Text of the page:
Are You Compliant with the New HIPAA Regulations Effective March 26, 2013?
The United States Department of Health and Human (HHS) has issued the Final Rule of the HIPAA Privacy and Security Regulations implement modifications of HIPAA and amendments to the HITECH (electronic security) Act, to take effect March 26, 2013. Dental and medical providers across the country are appropriately nervous about these new rules, given that providers are only given until September 23, 2013 to implement most of the new rules. The 563 page HHS release discussing the new rules was recently issued, and gives the necessary detailed procedures that must be followed. Here is a summary of the new rules and their effect on dental practices:
Business Associates. A major new change to the rule which will affect dental practices is the extension of the requirement to have Business Associate Agreements with any business or person who handles Protected Health Information (PHI) “downstream” from the dental office. This includes any dental labs, computer maintenance companies, telecommunications companies and any other companies which may regularly handle or have access to PHI because of their dealings with dental offices.
Now, dental offices must have their attorneys or other document drafters create “business associate agreements” with these companies, which are contracts which lay out the responsibilities of both the dental offices and the business associate companies or persons to secure and prevent breaches of unauthorized release of PHI. PHI includes information such as addresses or social security numbers which may identify individuals having medical records, and thus goes beyond just medical information. The business associates can now be penalized directly under HIPAA, and they have to have agreements with their own subcontractors beyond those agreements with the offices. The dental office Business Associate Agreements must spell out those requirements as well as other requirements on not revealing PHI and keeping it secure on computers amongst dental personnel, and the direct penalties for Business Associates for breaches.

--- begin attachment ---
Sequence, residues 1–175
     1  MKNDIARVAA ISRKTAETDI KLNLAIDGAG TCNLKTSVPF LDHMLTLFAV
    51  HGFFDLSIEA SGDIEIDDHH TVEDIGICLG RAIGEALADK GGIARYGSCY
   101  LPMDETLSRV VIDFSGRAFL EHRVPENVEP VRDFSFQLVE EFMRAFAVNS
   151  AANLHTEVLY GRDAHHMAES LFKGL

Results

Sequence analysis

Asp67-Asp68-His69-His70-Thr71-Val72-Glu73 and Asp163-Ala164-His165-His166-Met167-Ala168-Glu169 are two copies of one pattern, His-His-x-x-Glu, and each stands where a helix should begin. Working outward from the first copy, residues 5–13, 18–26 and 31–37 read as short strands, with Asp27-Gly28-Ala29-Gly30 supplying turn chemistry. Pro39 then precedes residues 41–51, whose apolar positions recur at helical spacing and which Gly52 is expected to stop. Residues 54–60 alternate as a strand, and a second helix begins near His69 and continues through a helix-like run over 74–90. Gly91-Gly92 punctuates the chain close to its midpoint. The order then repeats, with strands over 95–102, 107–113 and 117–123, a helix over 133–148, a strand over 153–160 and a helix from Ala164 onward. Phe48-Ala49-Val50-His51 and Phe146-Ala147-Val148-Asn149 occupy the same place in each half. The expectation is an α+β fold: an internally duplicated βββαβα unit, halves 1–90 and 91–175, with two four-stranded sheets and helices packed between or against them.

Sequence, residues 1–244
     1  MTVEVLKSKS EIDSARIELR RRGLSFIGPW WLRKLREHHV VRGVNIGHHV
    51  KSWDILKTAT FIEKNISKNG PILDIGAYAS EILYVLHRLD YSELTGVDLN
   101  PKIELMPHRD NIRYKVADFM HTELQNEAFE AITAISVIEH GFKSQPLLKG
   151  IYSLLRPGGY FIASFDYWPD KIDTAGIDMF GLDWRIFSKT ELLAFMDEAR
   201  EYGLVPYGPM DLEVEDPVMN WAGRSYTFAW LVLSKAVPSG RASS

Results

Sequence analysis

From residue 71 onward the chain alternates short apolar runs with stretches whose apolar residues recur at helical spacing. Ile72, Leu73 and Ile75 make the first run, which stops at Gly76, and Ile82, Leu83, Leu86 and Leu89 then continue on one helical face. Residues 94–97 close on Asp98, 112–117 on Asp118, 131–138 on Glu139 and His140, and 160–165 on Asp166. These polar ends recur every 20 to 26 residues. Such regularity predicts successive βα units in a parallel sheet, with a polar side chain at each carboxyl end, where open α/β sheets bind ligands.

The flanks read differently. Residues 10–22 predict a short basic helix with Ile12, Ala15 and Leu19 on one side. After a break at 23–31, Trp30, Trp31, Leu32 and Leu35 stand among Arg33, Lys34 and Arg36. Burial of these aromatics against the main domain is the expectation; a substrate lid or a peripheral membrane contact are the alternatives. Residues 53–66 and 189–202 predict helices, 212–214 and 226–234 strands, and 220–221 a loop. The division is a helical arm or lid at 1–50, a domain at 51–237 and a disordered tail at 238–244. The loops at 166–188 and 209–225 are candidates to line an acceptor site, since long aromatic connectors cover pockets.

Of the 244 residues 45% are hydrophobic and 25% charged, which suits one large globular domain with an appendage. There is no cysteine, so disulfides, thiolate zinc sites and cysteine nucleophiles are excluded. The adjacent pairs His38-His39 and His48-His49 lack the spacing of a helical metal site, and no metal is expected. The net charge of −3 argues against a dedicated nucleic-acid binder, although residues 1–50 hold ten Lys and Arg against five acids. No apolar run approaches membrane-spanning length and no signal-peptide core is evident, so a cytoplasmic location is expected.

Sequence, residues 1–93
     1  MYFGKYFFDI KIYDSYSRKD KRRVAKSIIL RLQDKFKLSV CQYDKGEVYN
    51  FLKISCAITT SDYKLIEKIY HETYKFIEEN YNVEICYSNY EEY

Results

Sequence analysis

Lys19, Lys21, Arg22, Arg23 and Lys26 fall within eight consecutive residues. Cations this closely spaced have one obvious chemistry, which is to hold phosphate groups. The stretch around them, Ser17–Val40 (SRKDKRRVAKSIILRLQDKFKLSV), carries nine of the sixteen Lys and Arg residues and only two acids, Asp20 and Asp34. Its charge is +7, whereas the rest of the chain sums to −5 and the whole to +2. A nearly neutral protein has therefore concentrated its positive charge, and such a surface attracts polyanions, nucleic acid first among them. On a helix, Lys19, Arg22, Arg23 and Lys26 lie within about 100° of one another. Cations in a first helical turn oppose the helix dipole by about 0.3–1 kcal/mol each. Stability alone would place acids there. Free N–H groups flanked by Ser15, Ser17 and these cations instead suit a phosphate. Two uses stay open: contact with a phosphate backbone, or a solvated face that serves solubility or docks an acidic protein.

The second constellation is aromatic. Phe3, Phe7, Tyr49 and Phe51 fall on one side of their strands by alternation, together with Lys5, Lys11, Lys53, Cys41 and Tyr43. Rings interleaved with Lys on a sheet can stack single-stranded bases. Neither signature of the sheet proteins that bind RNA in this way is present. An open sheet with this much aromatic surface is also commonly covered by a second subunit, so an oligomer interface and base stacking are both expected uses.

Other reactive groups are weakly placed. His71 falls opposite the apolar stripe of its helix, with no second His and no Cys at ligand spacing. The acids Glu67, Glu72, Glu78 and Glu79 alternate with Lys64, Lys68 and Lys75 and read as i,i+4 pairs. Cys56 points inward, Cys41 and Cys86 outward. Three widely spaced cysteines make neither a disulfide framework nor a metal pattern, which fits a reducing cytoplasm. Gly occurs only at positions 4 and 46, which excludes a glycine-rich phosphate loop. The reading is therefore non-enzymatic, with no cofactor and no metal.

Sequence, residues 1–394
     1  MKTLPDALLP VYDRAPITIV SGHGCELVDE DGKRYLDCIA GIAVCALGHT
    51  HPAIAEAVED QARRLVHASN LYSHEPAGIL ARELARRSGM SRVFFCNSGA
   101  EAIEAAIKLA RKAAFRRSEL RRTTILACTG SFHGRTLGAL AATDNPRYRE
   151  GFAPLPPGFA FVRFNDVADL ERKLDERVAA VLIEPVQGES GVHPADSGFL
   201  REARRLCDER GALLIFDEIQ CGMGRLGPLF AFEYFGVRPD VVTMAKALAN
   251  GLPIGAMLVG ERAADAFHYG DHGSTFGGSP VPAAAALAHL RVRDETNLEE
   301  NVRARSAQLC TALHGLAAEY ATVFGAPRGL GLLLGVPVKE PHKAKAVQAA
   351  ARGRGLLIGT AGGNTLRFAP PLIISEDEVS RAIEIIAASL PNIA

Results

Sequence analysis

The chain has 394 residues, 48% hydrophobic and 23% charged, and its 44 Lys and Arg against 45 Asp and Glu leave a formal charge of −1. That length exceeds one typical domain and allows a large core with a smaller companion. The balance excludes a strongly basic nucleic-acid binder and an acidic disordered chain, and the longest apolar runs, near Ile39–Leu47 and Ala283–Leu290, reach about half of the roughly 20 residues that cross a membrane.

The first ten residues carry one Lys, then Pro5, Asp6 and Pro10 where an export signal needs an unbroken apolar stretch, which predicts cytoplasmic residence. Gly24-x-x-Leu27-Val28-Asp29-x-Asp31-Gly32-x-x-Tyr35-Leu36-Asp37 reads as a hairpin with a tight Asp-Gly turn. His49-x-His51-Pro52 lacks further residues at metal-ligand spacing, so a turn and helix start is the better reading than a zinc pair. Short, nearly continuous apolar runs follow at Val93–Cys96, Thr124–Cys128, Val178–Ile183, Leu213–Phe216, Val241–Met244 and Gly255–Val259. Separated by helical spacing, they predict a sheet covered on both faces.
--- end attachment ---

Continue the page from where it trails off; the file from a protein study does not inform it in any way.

Notices of Privacy Practices. The Notices of Privacy Practices must now be changed to inform patients of the new responsibilities of dental practices and their associates, and of changes to HITECH rules on digitalized PHI. The new Notices must be prominently displayed, with copies readily available in the office area, and not just upon request at the receptionist’s desk.
Marketing and Finance. Dental offices now are under stricter scrutiny regarding the release of PHI in any marketing of their practices, description of their services, or sale of any products associated with their practices.
Expanded Right to Receive PHI by Patients, etc. Patients now have expanded rights to receive more health information available within dental offices, particularly the information which is digitalized or maintained on computers. Dental offices must inform them of these rights in new Notices of Privacy Practices, as well as the patients’ rights to receive PHI by electronic means and their right to prevent transfer of this information to them by e-mails, etc. More encryption of PHI and transmission methods will have to be used in dental practices, with IT companies or experts sometimes required to train personnel in proper encryption.
Notification requirements. The procedures for breach notification of patients and reporting of security breaches are now more detailed, with 30 days notice to patients required if a breach of their PHI is made.
The definitions of what a “breach” is, whether inadvertent releases must require notification, and the increase in notification requirements if “reputational harm” might result has become more complex.
Child Immunizations and GINA The requirements for authorization to release PHI to schools for purposes of child immunizations are now outlined, and releases of genetic information (such as family history of diseases or illnesses) are now regulated under the new HIPAA laws and the GINA law on discrimination based on genetic history.
New Enforcement. Finally, the new greater enforcement of penalties for negligent or willful breaches of HIPAA has been formalized, so that penalties may range from $100 to single breaches to $1.5 Million multiple, willful and large scale breaches.